All right, so let's talk about that art. It's an online auction of the artist Beeple, not so many others will never forget.






BEEPLE, ARTIST: $69 million. I think it probably means digital artists here to stay.


CHATTERLEY: Yes. $69 million dollars for digital art.

Welcome to the world of NFT's. The CEO of Christie's, the house that auctioned that art, up next.



A digital artwork which took 13 years to create sold for nearly $70 million at auction. The piece is called "Everydays: The First 5,000 Days" and is

the work of an artist better known as Beeple who is now the third most valuable living artist behind Jeff Koons and Dave Hockney in the world.


CHATTERLEY: If you look, it's a collage. Every little square is a picture in its own right. But what's also special is that it is so-called NFT and

that stands for Non-Fungible Token, an asset that has been verified using blockchain technology.

Whoa. Stick with me. Let's just take a step back. What does this all mean?

Well, here's a physical fungible item, a dollar is fungible. One dollar, much the same as another. Now here is a non-fungible item. It's an art I

made before the show. It's one of a kind. I know, I know what you're thinking, I've missed my calling.

Now, in the case of the Beeple artwork, we're looking at a digital one of a kind. Now, it doesn't have to be a picture. It could be a GIF for music, or

even a video clip, all authenticated by the creator. That's part of what makes an NFT.

Now Jack Dorsey, the CEO of Twitter is even looking to sell the first ever tweet as an NFT. Why, you might ask? Why bother? Why not just copy and

paste it for free?

Well, by turning my masterpiece into an NFT, I digitize it, I authenticate it, I can sell it and using blockchain technology, I can track who owns it,

and I can even get a cut every time it changes hands. So if you buy it, you have the joy of owning a Julia Chatterley original, and you can store it in your digital wallet or sell it on for a profit once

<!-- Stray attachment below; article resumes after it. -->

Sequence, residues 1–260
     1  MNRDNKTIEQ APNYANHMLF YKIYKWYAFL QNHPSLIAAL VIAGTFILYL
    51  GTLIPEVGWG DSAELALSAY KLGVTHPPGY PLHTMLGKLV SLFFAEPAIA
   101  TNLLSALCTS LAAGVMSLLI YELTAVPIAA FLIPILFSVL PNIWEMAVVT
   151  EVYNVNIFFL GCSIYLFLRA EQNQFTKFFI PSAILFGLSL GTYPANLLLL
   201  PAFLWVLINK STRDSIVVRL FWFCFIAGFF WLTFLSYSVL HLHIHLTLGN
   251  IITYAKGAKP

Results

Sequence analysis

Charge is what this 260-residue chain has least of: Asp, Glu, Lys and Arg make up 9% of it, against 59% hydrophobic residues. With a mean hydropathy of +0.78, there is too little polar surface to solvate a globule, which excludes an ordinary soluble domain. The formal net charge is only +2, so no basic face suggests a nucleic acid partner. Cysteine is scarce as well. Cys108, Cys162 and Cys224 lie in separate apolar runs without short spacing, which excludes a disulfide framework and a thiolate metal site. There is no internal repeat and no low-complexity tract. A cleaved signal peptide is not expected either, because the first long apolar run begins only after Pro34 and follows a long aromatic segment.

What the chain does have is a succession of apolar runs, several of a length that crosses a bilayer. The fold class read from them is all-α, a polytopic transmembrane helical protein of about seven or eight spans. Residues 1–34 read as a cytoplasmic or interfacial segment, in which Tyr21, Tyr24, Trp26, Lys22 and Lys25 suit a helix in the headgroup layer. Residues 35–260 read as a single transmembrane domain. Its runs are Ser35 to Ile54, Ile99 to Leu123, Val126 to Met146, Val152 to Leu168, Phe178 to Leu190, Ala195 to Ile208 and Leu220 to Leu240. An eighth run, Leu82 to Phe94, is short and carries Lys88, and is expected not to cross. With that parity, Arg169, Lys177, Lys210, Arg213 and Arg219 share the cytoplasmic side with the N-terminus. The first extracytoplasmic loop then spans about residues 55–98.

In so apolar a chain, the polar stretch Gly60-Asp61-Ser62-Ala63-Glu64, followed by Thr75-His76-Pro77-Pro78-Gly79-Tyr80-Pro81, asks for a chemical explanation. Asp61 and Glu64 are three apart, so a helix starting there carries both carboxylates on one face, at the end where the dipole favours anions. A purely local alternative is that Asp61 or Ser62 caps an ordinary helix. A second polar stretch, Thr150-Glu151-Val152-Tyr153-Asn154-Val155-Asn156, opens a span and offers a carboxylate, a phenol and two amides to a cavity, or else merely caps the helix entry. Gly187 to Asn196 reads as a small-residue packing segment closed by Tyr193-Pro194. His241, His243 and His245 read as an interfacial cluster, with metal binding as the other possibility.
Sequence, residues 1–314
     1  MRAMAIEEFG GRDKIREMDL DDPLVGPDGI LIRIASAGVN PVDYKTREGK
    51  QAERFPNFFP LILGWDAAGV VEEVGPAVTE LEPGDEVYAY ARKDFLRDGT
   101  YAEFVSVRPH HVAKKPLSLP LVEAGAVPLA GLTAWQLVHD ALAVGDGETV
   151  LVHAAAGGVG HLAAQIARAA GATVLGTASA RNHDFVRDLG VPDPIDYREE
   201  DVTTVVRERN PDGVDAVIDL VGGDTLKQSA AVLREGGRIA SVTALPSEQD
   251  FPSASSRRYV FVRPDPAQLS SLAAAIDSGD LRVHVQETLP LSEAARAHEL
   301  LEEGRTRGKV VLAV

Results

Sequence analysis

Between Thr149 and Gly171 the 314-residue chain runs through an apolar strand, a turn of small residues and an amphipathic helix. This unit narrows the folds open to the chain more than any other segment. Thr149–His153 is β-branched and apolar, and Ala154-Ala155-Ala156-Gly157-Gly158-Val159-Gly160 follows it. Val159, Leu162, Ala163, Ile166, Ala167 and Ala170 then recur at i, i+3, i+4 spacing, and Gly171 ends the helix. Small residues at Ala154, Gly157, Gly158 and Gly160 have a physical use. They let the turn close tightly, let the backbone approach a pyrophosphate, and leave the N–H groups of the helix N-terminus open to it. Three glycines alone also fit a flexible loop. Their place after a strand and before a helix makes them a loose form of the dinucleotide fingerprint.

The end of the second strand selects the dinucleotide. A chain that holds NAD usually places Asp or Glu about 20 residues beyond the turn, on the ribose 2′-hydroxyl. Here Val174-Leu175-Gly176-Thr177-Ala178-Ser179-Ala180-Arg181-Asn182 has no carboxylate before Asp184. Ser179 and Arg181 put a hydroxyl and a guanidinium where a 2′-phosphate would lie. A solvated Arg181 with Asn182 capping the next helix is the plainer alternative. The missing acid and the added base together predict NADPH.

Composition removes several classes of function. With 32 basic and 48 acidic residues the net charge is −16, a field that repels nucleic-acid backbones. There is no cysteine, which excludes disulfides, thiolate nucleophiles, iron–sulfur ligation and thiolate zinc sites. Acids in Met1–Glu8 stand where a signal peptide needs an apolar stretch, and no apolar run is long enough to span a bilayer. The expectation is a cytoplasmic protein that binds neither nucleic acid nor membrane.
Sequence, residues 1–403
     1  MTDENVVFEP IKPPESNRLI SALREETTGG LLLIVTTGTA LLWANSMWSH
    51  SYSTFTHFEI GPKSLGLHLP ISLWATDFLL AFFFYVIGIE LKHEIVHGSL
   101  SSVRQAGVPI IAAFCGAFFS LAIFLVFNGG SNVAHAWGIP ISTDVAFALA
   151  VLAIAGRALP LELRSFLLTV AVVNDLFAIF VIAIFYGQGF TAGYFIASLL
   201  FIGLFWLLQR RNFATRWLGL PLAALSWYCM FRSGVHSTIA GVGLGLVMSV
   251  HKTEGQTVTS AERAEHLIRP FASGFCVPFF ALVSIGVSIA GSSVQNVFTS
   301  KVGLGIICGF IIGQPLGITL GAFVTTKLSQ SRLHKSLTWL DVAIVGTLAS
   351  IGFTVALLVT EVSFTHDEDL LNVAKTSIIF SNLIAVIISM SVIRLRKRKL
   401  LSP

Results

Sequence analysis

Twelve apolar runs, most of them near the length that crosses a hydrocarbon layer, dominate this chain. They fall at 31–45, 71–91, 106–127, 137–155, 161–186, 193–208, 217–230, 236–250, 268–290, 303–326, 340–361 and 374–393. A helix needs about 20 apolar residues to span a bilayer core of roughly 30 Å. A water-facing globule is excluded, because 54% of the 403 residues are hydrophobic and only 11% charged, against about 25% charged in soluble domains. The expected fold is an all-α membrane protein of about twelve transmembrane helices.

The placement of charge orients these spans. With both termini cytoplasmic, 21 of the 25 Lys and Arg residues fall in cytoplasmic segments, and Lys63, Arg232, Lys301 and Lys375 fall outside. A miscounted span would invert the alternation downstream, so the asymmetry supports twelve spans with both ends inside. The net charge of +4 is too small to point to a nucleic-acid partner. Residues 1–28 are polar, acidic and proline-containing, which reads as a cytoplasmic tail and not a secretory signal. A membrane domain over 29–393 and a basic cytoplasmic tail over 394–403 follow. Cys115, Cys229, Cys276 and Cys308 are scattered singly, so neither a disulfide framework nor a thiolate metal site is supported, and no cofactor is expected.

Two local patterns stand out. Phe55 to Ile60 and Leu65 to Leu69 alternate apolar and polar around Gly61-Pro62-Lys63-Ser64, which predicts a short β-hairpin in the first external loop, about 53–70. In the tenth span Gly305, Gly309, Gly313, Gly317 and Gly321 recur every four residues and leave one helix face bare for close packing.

I'm a world famous artist.

Yes, you could be waiting a while, but joining us now, the CEO of auction house, Christie's that facilitated the Beeple sale, Guillaume Cerruti joins

us now again. Guillaume, great to have you on the show.

I think there's going to be a lot of people out there that are completely mesmerized by what's going on. Just explain why Christie's decided to be

the first auction house to get involved with NFT's and this particular part of the market.

GUILLAUME CERRUTI, CEO, CHRISTIE'S AUCTION HOUSE: Hi, Julia, thank you for having me. Yes, it was yesterday one of these amazing moments, exciting

moments that sometimes we leave on the art market. The last one I remember like this was when we sold the Da Vinci's "Salvator Mundi" four years ago

for a record price.

Yesterday, it was something of the same magnitude. This feeling to discover a new world, and that clearly there will be a before and after. So we sold

yesterday a digital work of art for a record price using the blockchain technology, which provides, as you rightly said, the proof of authenticity

and unicity of the work. That's what happened yesterday.

It's very important to understand that this work, this art community did exist before. But today, the NFT and the blockchain technology together,

give this artist a safer marketplace, because their works, their digital works can be proved as being unique and authentic through the blockchain


And that's why Christie's decided to connect with this art community and the existing platforms to build these auction sale and to, you know, reach

this record price.

CHATTERLEY: And this is the key with NFT's or Non-Fungible Tokens. It's that authenticity, the immutability protections for something that's

digital versus what you would do probably far more easily in the physical art world where you say, look, we've authenticated this. It's far easier to

copy it in the digital world, until this moment where it's now authenticated and stored, to your point using blockchain technology. This

is the difference.

CERUTTI: Absolutely. That's a key difference. And that's what clearly was missing a few years ago. And then today, this market is much safer, and

especially for the artists, they can now create and sell their works in a safer environment where authenticity and unicity and the property of their

work is proved and secure in the blockchain technology.